The Reagan tax cuts of the early 1980s are quite instructive on this point. That tax cut was far larger in relative terms than what is being proposed, and since the federal debt was so much less than it is currently, the tax multiplier was more negative, approximating –3. Additionally, the Reagan tax cuts were being implemented while interest rates were falling sharply. Even with fiscal and monetary conditions working in tandem, the economy was very slow to respond. The Republicans lost control of the US Senate in the 1984 Congressional elections and their numbers in the House were reduced. Also, Fed Chairman Volcker was required to orchestrate a major decline in the dollar under the Plaza Accord of 1985 and interest rates did not reach their cyclical low until 1986.

Additionally, initial conditions (which is an economics term for all the other factors that influence economic growth) are negative and have become more negative recently. The economy is extremely overindebted, turning even more so this year. In the latest statistical year, debt of the four main domestic nonfinancial sectors increased by $2.2 trillion while GDP gained only $450 billion. Debt of these four sectors (household, business, Federal and state/local) surged to a new high relative to GDP. This will serve as a restraint on growth for years to come. Also, the economy is in an expansion that is 6 1/2 years old. This means that pentup demand for virtually all big ticket items is exhausted – apartments, single family homes, new vehicles, and plant and equipment. Rents are falling as a result of a massive apartment construction boom. Reflecting a huge stock of new vehicles and significant easing of credit standards, the auto market appears saturated. Vehicle sales for the first ten months of this year have fallen slightly below last year’s sales pace. New and used car prices are down 1.2% over the past year. The residential housing market appears to have topped out even before the sharp recent advance in mortgage yields, which will place downward pressure on this market.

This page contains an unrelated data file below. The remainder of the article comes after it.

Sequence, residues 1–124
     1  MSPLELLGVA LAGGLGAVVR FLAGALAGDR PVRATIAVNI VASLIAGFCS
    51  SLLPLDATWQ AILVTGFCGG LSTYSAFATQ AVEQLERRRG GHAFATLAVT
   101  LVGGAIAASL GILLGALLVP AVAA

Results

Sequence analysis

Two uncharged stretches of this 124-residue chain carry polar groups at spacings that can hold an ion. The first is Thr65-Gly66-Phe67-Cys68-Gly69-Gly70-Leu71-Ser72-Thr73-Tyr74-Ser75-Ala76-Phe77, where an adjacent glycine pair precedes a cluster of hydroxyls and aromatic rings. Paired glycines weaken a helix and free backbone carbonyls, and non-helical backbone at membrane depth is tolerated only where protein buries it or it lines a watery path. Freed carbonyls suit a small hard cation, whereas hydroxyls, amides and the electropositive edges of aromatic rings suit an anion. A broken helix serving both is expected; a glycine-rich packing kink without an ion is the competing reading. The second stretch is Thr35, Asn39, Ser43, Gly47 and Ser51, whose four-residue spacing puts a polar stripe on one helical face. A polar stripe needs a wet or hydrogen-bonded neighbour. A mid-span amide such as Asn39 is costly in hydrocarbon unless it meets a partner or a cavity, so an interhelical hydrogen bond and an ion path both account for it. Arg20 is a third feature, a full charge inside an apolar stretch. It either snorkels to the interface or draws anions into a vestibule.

The recent rise in market interest rates will place downward pressure on the velocity of money (V) and also the rate of growth in the money supply (M). This is not a powerful effect, but it is a negative one. Some additional saving or less spending will occur, thus giving V a push downward. So, in effect, the markets have tightened monetary conditions without the Fed acting. If the Fed raises rates in December, this will place some additional downward pressure on both M and V, and hence on nominal GDP. Thus, the markets have reduced the timeliness and potential success of the coming tax reductions.

Another negative initial condition is that the dollar has risen this year, currently trading close to the 13year high. The highly relevant Chinese yuan has slumped to a seven year low. These events will force disinflationary, if not deflationary forces into the US economy. Corporate profits, which had already fallen back to 2011 levels, will be reduced due to several considerations. Pricing power will be reduced, domestic and international market share will be lost and profits of overseas subs will be reduced by currency conversion. Corporate profits on overseas operations will be reduced, but with demand weak and current profits under downward pressure, the repatriated earnings are likely to go into financial rather than physical investment.

The psychological reaction to Trump’s unexpected victory, along with the worsening initial conditions, means that the upcoming tax package may do little more than contain the additional negative momentum developing within the economy. Additional deficit spending for infrastructure also carries a negative multiplier. This is confirmed by recent scholarly research. Let’s say, for the purpose of argument, that the multiplier is a small positive. It will take a long time to develop the preliminary engineering and design work to identify the projects and even longer to hire the contractors. So even if the multiplier were not negative, the benefit seems to be well into the future.

Markets have a pronounced tendency to rush to judgment when policy changes occur. When the Obama stimulus of 2009 was announced, the presumption was that it would lead to an inflationary boom. Similarly, the unveiling of QE1 raised expectations of a runaway inflation. Yet, neither happened. The economics are not different now. Under present conditions, it is our judgment that the declining secular trend in Treasury bond yields remains intact.


Changes are bolded below.


DISCLOSURE: This material has been prepared or is distributed solely for informational purposes only and is not a solicitation or an offer to buy any security or instrument or to participate in any trading strategy. Any opinions, recommendations, and assumptions included in this presentation are based upon current market conditions, reflect our judgment as of the date of this presentation, and are subject to change. Past performance is no guarantee of future results. All investments involve risk including the loss of principal. All material presented is compiled from sources believed to be reliable, but accuracy cannot be guaranteed and Evergreen makes no representation as to its accuracy or completeness.